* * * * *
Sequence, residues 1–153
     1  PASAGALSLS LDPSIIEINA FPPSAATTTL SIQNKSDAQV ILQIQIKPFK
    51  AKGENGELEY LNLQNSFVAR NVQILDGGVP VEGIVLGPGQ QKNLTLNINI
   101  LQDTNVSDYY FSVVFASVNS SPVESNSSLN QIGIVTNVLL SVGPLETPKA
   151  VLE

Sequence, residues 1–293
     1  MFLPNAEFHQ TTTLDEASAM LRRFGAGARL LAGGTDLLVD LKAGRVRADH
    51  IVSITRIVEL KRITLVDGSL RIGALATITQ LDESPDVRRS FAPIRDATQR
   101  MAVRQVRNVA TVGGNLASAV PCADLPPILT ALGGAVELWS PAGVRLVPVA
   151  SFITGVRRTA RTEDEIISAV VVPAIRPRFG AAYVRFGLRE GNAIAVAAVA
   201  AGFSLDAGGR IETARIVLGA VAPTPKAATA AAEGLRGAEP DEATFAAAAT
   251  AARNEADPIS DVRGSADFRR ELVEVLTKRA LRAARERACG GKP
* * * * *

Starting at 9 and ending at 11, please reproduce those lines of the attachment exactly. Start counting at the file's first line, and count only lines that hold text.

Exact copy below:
   101  MAVRQVRNVA TVGGNLASAV PCADLPPILT ALGGAVELWS PAGVRLVPVA
   151  SFITGVRRTA RTEDEIISAV VVPAIRPRFG AAYVRFGLRE GNAIAVAAVA
   201  AGFSLDAGGR IETARIVLGA VAPTPKAATA AAEGLRGAEP DEATFAAAAT